Free – Trello’s free plan is pretty inclusive and will fit most people’s needs. You can see a full breakdown of their plans, but essentially you have unlimited personal boards but a 10MB per file attachment limit. Only one power-up per board, and a limit of 10 Team boards if you’re working with others.
This one’s more of a note taking tool, but its customization options allow you to use it to track pretty much anything. You can import websites and photos directly into the app and format your notes into tables and lists.
What I use it for – WIP tracking
Well, I used to use it for WIP tracking. (And before that, Trello) I’ve since found a service I like more for that, which I’ll cover next. But I still use Evernote for a lot of things. Mostly non-crafty things like recipes, journaling, and D&D notes.
To keep this relevant to cross stitch, I’ll just show you what my WIP notebook looks like. I liked being able to see my WIP photos at a glance and then click in for any additional information. Such as where in the world I stored that particular UFO.
Portability – Yet another option available on both Android, iOS, and web browsers. There are even browser extensions to help you quickly import relevant images and items to your notes, such as pattern links!
Customization – This one’s a bit more limited in what you can do (I hope you like green), but it still offers a lot of options. They have a library of templates to get you started with ideas on how you can format your notes.
You can even embed PDFs straight into your notes so you can keep all your patterns handy! This is the main reason I had been using Evernote for this previously!
Synchronization – I think you get the idea by now. If I can’t switch from my phone to the PC, chances are I’m not using it. Unfortunately the free version only allows for 2 devices to be connected, so if you’ve got more devices this may not be the best for you.
Free – Free with limits. 60MB monthly upload limit means it can take a while to get started if you’ve a ton of stuff to upload at once. Maximum note size of 25Mb hasn’t come up much for me, but it is a limit if you’re attaching multiple WIP photos. That said, upgrading isn’t terribly expensive.
Finally, my new favorite platform for WIP/Pattern tracking. Airtable. Again, most of my WIPs and designs are secret, so I’ve truncated my examples a bit to keep future patterns a surprise.
What I use it for – WIP tracking
Airtable is like a spreadsheet on steroids. You can seamlessly shift that same information from a spreadsheet into a trello or calendar based format and turn it back just as easily. The ability to group items on a whim based on different criteria is amazing and I can’t wait to see how I can apply this outside of stitching as well!
Portability – Mobile app on both Android and iOS with all the same features available via the web browser. Nicely formatted and easy to browse. I’m pretty pleased, though I haven’t used it on mobile much yet.
Customization – This is where Airtable really shines. You can completely customize the content available. Those tabs along the top are separate sheets, but you can link to them from other sheets to cross reference items!
You can group your list by whatever you feel like at the time. For example, grouping WIPs by fabric count if you feel like working on 28 count right now and want to see which WIPs you can choose from at a glance.
Or with a click, shift everything into a more visual mode and specify what items you want visible at a glance so you can focus on the photos.
Everything is cross referenced as well. For example, clicking on a fabric type shows you all the WIPs you have on that type of fabric.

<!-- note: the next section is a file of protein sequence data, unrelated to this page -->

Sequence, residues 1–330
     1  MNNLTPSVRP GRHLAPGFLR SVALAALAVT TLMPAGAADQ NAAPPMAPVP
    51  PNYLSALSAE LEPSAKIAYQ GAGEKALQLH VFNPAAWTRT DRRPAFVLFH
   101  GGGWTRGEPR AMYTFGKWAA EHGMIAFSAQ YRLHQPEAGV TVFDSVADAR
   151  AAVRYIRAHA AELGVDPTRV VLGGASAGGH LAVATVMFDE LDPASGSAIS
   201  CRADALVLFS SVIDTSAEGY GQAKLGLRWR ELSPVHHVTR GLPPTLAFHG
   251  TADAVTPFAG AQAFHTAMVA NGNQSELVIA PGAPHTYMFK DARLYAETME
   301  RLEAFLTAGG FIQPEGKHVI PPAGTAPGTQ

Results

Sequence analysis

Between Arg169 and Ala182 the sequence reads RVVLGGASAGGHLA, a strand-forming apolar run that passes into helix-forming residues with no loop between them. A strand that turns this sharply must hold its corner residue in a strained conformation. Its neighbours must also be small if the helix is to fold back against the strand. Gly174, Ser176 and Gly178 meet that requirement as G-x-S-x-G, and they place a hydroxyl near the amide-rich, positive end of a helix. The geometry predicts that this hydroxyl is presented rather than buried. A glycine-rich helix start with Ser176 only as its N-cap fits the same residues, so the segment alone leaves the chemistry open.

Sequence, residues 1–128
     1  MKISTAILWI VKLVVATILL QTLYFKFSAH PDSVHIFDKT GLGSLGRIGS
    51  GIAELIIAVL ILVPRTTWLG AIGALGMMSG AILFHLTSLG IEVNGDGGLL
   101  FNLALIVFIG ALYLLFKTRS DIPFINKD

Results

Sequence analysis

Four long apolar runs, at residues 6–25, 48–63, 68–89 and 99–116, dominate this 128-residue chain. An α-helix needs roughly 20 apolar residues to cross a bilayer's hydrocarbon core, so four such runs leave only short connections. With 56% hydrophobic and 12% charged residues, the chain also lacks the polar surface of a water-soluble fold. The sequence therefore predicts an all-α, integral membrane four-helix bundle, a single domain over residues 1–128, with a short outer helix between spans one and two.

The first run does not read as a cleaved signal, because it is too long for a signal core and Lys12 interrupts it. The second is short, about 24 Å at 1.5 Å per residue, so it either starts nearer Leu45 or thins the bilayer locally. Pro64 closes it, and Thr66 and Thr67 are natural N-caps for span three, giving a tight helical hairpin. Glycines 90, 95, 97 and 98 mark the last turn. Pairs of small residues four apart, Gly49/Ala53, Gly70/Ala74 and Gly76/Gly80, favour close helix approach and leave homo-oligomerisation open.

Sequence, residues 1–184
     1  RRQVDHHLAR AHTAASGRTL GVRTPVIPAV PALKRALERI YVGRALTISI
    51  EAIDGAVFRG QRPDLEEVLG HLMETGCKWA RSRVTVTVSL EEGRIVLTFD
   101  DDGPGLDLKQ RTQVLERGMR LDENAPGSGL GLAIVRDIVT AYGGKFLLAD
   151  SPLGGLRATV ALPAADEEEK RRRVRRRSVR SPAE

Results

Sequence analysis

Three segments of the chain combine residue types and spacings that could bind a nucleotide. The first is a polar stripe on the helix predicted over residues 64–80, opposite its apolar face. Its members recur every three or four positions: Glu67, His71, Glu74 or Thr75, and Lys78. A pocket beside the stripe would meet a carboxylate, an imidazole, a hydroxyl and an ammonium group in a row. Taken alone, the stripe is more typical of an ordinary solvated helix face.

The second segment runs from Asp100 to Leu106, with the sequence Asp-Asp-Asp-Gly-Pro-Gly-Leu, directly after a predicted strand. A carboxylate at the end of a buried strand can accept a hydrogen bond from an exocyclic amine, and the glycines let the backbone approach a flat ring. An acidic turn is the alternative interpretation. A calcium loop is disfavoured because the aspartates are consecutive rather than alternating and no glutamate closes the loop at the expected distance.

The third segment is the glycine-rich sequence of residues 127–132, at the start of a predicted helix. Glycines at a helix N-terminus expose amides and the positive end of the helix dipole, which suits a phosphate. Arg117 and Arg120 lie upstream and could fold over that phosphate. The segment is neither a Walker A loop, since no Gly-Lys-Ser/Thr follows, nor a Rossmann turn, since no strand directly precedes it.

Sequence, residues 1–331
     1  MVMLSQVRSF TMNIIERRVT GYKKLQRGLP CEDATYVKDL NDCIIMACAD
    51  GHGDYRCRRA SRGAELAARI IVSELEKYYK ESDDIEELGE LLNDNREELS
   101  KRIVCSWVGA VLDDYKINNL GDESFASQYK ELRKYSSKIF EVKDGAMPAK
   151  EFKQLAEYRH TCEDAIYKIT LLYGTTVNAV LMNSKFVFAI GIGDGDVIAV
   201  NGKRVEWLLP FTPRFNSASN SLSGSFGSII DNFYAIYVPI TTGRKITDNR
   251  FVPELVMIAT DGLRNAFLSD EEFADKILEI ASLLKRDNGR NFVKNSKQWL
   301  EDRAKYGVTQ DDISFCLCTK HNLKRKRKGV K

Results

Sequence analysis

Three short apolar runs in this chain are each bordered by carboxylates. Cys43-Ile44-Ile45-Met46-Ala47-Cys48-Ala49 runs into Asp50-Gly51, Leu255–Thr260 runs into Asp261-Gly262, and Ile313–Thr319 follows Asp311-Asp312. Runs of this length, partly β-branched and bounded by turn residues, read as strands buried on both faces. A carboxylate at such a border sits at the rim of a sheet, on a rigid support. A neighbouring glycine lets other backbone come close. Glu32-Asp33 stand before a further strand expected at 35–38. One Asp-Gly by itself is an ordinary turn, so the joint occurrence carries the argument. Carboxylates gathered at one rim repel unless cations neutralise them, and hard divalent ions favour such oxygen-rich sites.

Or you could just switch to the fabric tab and see a listing of the designs on each fabric type.
Synchronization – Not only is the data sychronized from PC to mobile, but also you have the same data available in multiple formats. You can turn it into trello-style Kanban board with the click of a button, then back into a spreadsheet with ease.
Free – The free option should be sufficient for most, with 1,200 records and a 2GB attachment limit per base. But more options and additional features available if you upgrade.
Other Inventory options
Long story short, you’re likely going to be using a few different services to keep track of things. And that’s okay! Don’t be afraid to experiment with new services, either. You might find something you like even better or makes more sense to you!
Here’s some cross stitch specific options that have been suggested to me previously.
Stitchingly – A project tracker, inventory management, and social media tool all on one! Still very much in development though, so some features may not be available yet or there may be bugs. Shows a lot of promise, though!
StashCache – Android app useful for tracking your Patterns, Threads, and Fabric. I used this for a while, and then forgot to back it up before getting a new phone. Whoops!
Cross Stitch Thread Organizer – Another Android app. Not free though, so I haven’t tried it myself.
XStitcher – seems to be the iOS app of choice for stitchers I’ve asked. I don’t have an iPhone, so I can’t speak for it personally. But it seems pretty straight forward. Seems like it just tracks floss though, so you’ll have to look elsewhere to inventory your fabric and WIPs.
Dimensions Monthly Project Planner Kit – Essentially a yearly planner, but with a stitchy theme. Comes with pocket inserts to store things in, dividers, basic cross stitch instructions, DMC checklist, 12 patterns, and can be easily reorganized due to the ring binding! It even comes with stickers! PHEW
Peacock & Fig’s Stitching Planner – Printable sheets for tracking all sorts of things. For those who don’t want to wait for shipping.
Stitched Modern’s Cross Stitch Planner Journal – Don’t want to print it out yourself? But don’t think you need all those bells and whistles from the Dimensions kit? This planner offers a lot of the basic tracking options. Each journal includes space for 50 projects plus your inventory.
Got something else to suggest? Let me know! I’d love to keep adding to this list. 🙂Found this post useful? Share it with others!